Thursday, October 18

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One day he’s sitting in Haines Hall, taking notes in lecture. The next he’s on the red carpet interviewing Halle Berry.

Such is the life of 23-year-old political science student Errol Barnett, correspondent for the show “Dailies” on the Reelz Channel, a fairly new network focusing on movie news and eschewing the tabloid fodder of other stations.

But before Barnett transferred to UCLA this fall, he worked for five years as a reporter for Channel One News, a news station beamed out to 12,000 high schools and middle schools across the nation.

At Channel One, Barnett covered a wide range of stories, from natural disasters to the State of the Union Address in Washington, D.C.

“They would send us wherever the news was happening. Before (Hurricane) Katrina, when all the hurricanes were gaining momentum in the Gulf (of Mexico), I flew through a hurricane with the hurricane hunters in a military plane,” Barnett said. “I was in the plane for 11 hours, but I loved it.”

Barnett also wrote and produced a two-part series about increased heroin usage in the suburbs.

“I interviewed a heroin user, this 18-year-old, who was going through rehab. And I was there in rehab with him. He’s twitching and he has the track marks. I thought it was a really compelling story,” Barnett said.

During his time at Channel One, Barnett was also enrolled at Santa Monica College and had to juggle school responsibilities with travel, which he found could be a tenuous proposition.

“That was strange because I would be at SMC one day and then at Channel One the other day and professors would wonder why I had an absence,” Barnett said. “I couldn’t exactly tell them I had to be in (Washington) D.C. interviewing a congressman. They’d be like, “˜Yeah sure, you and everyone else.’”

Born and raised in Milton Keynes, England, Barnett moved to Phoenix, Ariz., just before he turned 10. The new, warmer locale taught Barnett some valuable lessons in communication.

“I was the funny English kid in all my classes and I’m really shy,” he said. “It forced me to learn how to speak for myself and interact with people even though all I wanted to do was sit back.”

Barnett’s experience with TV began more as a hobby than a lofty occupational aspiration.

“In high school, I was able to produce my own TV show on campus. It was just for fun,” Barnett said. “I never thought I’d have a career or work in TV.”

During his junior year in high school, Channel One, which Barnett describes as “MTV meets CNN,” had a “Student-Produced Week” competition.

Students sent in demo tapes for the opportunity to come to Los Angeles to write and produce segments for the show. Barnett applied but was rejected.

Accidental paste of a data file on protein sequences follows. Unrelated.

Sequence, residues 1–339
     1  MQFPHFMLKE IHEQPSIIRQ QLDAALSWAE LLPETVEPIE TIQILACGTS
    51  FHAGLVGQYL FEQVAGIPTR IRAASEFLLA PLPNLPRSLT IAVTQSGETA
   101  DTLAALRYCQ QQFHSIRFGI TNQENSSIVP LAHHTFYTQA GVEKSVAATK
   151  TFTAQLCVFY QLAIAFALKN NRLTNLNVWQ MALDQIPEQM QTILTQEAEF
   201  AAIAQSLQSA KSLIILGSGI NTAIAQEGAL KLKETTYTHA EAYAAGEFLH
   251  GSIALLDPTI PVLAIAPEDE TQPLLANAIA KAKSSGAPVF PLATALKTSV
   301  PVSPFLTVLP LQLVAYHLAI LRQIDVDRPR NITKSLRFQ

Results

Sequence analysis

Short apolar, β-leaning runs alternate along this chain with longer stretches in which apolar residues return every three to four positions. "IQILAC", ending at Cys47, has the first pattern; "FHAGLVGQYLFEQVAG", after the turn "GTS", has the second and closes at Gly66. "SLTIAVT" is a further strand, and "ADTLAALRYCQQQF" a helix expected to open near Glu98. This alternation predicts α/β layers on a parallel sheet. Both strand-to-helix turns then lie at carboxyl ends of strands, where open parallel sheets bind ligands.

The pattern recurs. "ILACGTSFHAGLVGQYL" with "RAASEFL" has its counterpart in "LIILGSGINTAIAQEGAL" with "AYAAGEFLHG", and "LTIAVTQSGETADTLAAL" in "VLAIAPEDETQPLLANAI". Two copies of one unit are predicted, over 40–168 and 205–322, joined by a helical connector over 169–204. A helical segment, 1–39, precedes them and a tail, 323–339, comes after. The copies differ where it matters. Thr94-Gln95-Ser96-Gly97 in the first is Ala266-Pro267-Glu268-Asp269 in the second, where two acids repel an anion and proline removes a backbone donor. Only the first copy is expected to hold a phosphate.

“That made me really want it,” he said.

Doubly inspired, he improved his tape, resubmitted it, and was accepted the next year.

Barnett flew to Los Angeles to take part in Channel One’s “Student-Produced Week” with other teens from all over the country.

Once he graduated from high school, Channel One offered Barnett a three-year contract to work for the network, which meant delaying his original plans to attend Arizona State University.

With three years of “traveling the country interviewing newsmakers and doing really compelling stories” behind him, Barnett now sees an opportunity to finish his education uninterrupted.

“After I was accepted to UCLA, I felt like all the signs were in place,” he said.

Barnett viewed UCLA as a timely opportunity to expand his knowledge of the world by majoring in political science instead of honing his broadcast techniques in college.

“Channel One had already taught me the ins and outs of broadcast journalism, and in my opinion you can’t teach someone to be a journalist. You’re either naturally inquisitive and you put together the facts, or you don’t,” he said.

“I felt like it was more important for me to study something like political science that makes you more knowledgeable about the world, which, in essence, makes you a better journalist. For me, the decision was easy,” he added.

For now, Barnett is looking forward to finishing his degree and enjoying his time as a student. He is a member of the business fraternity Alpha Kappa Psi and the Black Journalists Association of Southern California.

Still, assimilating isn’t always easy. Barnett says he gets recognized on campus about once a month and has both a Wikipedia entry and a bevy of Facebook groups dedicated to his work (for example: “I’m Errol Barnett, hand me your Emmys”).

“It’s so strange when you see people that you watched for years in person and the most alarming thing is you realize they’re just a regular person,” Barnett said of the cult of celebrities that he himself now has a part in. “If you didn’t know it was them, you might just look over them. They’re just human beings; they’re just people.”

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